The Swedish Research Council (Vetenskapsrådet)
History (Department of Cultural Sciences, Faculty of Arts and Humanities)
More about the project
Encountering diplomacy in early modern Southeast Asia is a study in global history. It explores how diplomatic practices and foreign relations were shaped in the pluralistic, multi-centric, open geography of maritime Southeast Asia during the seventeenth and eighteenth century. In this period, exchange between local polities and aspiring European colonial powers flourished.
The project uses the rich history of negotiations and cross-cultural communication between local Southeast Asian polities and various actors from Europe to integrate practices of balancing power relations into a nuanced global history of diplomacy. Although foreign relations are widely regarded as an important vector for cultural exchange, and while embassies have emerged as a favoured site for studying cultural encounters, little is known about the ways in which transregional interactions shaped the very principles and practices of diplomatic dealings over the course of this transformative period.
The broadening of the definition allows to extend the definition of the practices of diplomacy themselves: diplomacy is no longer exclusively understood as official negotiation or formal exchange of envoys and letters. Instead, asymmetrical foreign relations and their often highly symbolic ceremonials and ad hoc actions by non-established parties are nowadays regarded as equally important stages of foreign relations.
The diplomatic encounter
The project will introduce the concept of the diplomatic encounter, which allows to study relevant processes and practices in their own time and under consideration of their specific diplomatic culture. It compares different diplomatic episodes including the foreign relations of insular Muslim chiefdoms, colonial rivalries, the diplomatic strategies of small city states and the impact of expanding empires in the region. Re-addressing early modern diplomatic encounters in South East Asia will thus serve to overcome binaries in diplomatic history and ultimately contribute to a new narration of foreign relations in South East Asia. It will moreover address conventional periodization, doing justice to multiple modernities and epistemic asymmetries.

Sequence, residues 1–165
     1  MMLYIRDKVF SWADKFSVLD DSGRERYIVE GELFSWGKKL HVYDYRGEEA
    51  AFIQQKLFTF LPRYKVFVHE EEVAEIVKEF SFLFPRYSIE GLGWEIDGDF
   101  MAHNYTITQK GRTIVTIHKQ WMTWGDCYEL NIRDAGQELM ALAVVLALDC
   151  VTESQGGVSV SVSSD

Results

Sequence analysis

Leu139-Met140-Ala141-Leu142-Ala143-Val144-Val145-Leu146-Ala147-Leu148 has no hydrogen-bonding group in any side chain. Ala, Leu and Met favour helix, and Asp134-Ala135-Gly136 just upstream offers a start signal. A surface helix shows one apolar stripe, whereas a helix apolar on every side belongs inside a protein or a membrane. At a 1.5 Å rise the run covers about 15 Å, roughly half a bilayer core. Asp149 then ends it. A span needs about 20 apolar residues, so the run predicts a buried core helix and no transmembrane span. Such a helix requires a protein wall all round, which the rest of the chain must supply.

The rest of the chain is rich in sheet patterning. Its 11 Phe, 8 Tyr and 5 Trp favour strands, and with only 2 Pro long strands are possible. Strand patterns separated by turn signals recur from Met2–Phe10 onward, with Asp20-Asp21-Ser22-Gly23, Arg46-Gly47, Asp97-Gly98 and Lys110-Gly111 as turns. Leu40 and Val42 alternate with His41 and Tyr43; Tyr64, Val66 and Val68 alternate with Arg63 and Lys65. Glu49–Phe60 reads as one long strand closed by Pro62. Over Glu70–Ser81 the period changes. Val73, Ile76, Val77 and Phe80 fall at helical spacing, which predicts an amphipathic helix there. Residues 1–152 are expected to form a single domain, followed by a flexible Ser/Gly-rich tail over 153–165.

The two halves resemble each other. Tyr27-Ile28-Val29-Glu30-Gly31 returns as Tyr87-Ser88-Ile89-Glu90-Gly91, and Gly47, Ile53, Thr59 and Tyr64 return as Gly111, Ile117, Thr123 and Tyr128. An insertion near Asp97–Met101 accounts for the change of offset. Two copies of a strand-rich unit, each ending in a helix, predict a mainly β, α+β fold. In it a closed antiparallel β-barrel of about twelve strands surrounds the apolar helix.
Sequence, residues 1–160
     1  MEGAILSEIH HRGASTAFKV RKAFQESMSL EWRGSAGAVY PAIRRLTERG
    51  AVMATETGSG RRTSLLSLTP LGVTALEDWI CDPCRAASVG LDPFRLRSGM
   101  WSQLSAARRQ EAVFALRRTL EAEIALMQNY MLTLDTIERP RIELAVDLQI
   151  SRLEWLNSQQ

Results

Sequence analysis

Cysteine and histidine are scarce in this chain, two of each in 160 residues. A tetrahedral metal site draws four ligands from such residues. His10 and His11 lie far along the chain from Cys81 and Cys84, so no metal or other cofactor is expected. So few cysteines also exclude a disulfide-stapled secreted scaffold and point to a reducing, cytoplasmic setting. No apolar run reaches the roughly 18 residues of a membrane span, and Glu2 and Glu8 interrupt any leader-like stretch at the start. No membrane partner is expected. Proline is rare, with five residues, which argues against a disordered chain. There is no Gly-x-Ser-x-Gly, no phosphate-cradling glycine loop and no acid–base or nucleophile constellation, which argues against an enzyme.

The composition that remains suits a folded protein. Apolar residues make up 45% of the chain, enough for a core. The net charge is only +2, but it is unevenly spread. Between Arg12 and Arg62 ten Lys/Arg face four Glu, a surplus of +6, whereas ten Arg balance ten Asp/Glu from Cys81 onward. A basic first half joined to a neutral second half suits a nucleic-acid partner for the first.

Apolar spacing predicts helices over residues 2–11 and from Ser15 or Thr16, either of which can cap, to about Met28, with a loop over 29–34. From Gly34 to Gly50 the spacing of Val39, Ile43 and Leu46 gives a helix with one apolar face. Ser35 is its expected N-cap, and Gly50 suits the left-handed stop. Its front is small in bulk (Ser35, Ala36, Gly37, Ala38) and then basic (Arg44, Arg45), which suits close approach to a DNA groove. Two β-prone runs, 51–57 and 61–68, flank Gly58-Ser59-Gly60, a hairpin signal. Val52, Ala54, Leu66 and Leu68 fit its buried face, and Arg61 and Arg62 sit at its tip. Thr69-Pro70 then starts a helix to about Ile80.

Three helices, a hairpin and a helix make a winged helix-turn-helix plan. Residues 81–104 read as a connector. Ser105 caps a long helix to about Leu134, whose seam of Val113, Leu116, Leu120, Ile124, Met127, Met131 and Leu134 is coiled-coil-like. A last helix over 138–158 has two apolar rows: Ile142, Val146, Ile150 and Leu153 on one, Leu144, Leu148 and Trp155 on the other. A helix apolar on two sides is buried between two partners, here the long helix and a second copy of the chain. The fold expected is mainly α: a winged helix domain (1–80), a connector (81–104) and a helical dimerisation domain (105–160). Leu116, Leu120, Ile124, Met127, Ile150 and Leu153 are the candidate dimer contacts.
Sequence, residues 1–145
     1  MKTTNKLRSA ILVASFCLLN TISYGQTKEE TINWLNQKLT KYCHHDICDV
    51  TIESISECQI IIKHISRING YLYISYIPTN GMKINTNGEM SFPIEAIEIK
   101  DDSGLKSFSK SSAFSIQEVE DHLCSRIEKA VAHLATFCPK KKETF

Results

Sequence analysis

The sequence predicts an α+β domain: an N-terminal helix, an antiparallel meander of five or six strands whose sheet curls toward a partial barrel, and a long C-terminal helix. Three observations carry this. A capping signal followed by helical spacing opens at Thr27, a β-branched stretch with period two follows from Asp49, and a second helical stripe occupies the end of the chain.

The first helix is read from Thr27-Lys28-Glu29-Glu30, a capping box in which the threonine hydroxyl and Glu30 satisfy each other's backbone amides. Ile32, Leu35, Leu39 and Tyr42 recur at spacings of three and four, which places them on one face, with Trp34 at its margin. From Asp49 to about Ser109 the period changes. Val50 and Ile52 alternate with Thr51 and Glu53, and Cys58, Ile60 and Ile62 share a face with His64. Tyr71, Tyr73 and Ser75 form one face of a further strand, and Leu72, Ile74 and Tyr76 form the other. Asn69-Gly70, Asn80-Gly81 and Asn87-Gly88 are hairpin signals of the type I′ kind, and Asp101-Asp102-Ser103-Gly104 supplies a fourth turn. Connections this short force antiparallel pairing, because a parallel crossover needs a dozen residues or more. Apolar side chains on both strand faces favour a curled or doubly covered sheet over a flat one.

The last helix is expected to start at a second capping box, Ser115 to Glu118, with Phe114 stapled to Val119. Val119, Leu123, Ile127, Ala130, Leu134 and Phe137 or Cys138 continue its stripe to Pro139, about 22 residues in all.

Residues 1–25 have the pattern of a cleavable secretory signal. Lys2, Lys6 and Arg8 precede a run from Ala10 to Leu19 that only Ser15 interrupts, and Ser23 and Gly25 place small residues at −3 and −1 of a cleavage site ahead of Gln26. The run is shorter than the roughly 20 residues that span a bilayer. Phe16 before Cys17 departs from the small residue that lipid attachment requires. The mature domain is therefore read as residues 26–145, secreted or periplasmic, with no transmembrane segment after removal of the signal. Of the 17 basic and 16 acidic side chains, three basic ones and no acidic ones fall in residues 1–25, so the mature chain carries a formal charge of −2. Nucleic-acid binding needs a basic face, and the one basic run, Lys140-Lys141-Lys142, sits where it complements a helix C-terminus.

While taking colonial agendas (and the use of diplomacy as coercive means) into account, the study explicitly goes beyond (and leaves behind) stereotypical narratives of rivalry and conflict as dominant forces in colonial Asia. It addresses the use of diplomatic exchange and forging alliances of various European stakeholders and regional rulers, to look for indicators and examples of how local Southeast Asian agencies and indigenous traditions shaped diplomatic practices and to ultimately provide informed answers about big questions in connected histories with regard to in/commensurability, circulation of knowledge and appropriation and accommodation. Complex alliances based on kinship as well as maritime tributary ties were core both to the functioning and to shifts in power relations. With a bottom-up and transcultural understanding of practices of foreign relations, it will then nuance conventional chronologies and archives of diplomatic history.
An important stage
Maritime Southeast Asia – for millennia influenced by the great Asian cultures of India, Islam and China while retaining a strong Austronesian identity – became an important stage for diplomatic performances during the so-called colonial period. While it is also true that Southeast Asian ports have emerged as a favoured site for studying cultural encounters, little is known about the ways in which transregional interactions shaped the very principles of cross-cultural political communication necessary to forge alliances and set up lasting collaborations between different interest groups. Moreover, local elements and trans-regional links to the greater Sinosphere and the Indian Ocean world remain understudied. Recently, studies on security policies and of shifting local alliances have brought fresh impetus to our understanding of diplomatic strategies of specific maritime landscapes and localities of pre-modern Christian-Muslim encounters and negotiation practices.
The project includes a systematic collection of terms and phrases from Asian and European documents which will help to deconstruct notions of vertical and horizontal relations, of tribute and vassalage, and of reciprocity mistaken for equality. It will provide the basis for an analysis of multi-layered translation processes of treaties used as instruments of negotiating and maintaining political and/or economic power both by European and local non-European Asian actors.
The project is part of the research in the Cluster for Colonial Connections and Comparisons research group.